Precision Board Tooling

8. Use high strength EP-76 Epoxy to bond Precision Board sheets to make larger sections. Precision Board can be easily bonded with high quality epoxy adhesives. Coastal Enterprises makes a very easy to use, machinable grade, high-strength epoxy called EP-76. It machines, sands and carves very smoothly.  The durometer hardness and machinability of EP-76 can be adjusted and closely matched to the Precision Board densities by adding PB Granules as outlined in the PB EP-76 HDU Adhesive Product Data Sheet.  Contact Coastal Enterprises for more information and helpful bonding tips.

Precision Board Tooling

9. Use a mold release that is compatible with your resin system to ensure neither the mold or the tool are damaged.  Mold releases are designed to be used against all tooling surfaces so that after cure cycle, the composite part can be released and removed from the layup tool without damaging the tool or the part. Care must be taken when choosing a release agent to be sure it will not outgas during the composite heat curing cycle and affect resin cure. Always test a sample part to verify mold release compatibility with your chosen prepreg or composite laminate.

Precision Board Tooling

10. Hold down (or “dog”) Precision Board to the vacuum table or oven support fixture during heating & cooling. Due to the internal stresses that are occurring in the tool during the heating and cooling part of the cure cycle it is important to hold the Precision Board tool flat. However, due to the differential of expansion and contraction between the Precision Board lay up tool and the support structure it is crucial that they be allowed to move independent of each other. It is always a good idea to securely, not excessively, hold PBLT and PBHT tooling to the machining table to support the piece during ramp up and ramp down. Dogs, or equivalent, every 2′ +/- is adequate. Remember not to over tighten which will restrict horizontal expansion and contraction and possibly damage tool and composite laminate.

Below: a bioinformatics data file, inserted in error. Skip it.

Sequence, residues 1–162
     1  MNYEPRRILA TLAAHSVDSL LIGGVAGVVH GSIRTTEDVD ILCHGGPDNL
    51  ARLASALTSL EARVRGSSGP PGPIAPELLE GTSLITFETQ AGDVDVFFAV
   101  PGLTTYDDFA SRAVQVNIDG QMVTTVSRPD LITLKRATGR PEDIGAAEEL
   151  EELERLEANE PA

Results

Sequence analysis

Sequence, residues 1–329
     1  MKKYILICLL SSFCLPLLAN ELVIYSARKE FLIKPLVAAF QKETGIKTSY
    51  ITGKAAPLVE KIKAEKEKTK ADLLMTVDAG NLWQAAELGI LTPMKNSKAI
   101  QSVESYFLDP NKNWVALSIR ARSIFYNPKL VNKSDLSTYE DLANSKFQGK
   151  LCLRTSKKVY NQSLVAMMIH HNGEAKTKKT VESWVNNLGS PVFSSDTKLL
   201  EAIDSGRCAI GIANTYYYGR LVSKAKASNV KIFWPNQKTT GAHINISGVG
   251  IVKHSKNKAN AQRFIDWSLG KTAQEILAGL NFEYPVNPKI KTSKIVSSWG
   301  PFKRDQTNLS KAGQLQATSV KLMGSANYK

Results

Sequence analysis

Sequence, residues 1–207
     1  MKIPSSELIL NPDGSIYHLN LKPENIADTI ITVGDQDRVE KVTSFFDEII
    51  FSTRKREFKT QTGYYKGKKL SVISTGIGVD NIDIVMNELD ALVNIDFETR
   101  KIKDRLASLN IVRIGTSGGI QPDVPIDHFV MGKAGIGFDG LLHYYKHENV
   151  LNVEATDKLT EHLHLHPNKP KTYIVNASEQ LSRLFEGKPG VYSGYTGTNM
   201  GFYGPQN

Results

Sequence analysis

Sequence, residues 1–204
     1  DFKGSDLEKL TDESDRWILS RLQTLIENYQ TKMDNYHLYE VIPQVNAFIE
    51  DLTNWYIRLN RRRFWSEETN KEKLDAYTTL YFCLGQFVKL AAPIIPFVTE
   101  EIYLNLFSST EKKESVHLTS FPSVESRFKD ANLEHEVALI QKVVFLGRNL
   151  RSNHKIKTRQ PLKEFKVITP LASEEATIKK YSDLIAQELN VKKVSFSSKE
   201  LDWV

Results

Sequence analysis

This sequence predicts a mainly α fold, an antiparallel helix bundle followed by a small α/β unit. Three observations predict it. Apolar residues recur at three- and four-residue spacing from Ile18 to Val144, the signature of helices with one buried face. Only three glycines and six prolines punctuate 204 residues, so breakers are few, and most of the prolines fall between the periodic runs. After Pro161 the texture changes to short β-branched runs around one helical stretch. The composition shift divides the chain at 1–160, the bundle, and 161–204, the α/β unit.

Our PBLT and PBHT lines of Precision Board are available in the widest range of densities and sheet sizes & thickness to match the performance requirements of the specific tool you’re building. Individual blocks can be easily and permanently bonded to create specific shapes and thicknesses, approximating the general shape of the tool.  Coastal Enterprises offers a full line of companion products specifically designed for Precision Board Tooling Board to assist with your project. Check out our Adhesives and Primers & Fillers.  Request a sample today!

Columbia University FSAE Team Car

Again another really fun project with our friends at the Columbia University FSAE team.  What an impressive group of students! Check out their site here.

We worked with the team engineers to create the molds for the cars body out of Precision Board HDU.  The team then molded the carbon fiber panels.  Once completed they sent us the panels for final finishing where our guys wrapped all of the parts in a black brushed metal vinyl.  All of the logo and number decals were then created and installed.